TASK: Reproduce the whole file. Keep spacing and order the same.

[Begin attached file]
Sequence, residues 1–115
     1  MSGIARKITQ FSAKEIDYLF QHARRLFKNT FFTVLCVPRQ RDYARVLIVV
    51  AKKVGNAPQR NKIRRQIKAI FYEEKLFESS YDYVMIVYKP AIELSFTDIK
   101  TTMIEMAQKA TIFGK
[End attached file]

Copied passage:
Sequence, residues 1–115
     1  MSGIARKITQ FSAKEIDYLF QHARRLFKNT FFTVLCVPRQ RDYARVLIVV
    51  AKKVGNAPQR NKIRRQIKAI FYEEKLFESS YDYVMIVYKP AIELSFTDIK
   101  TTMIEMAQKA TIFGK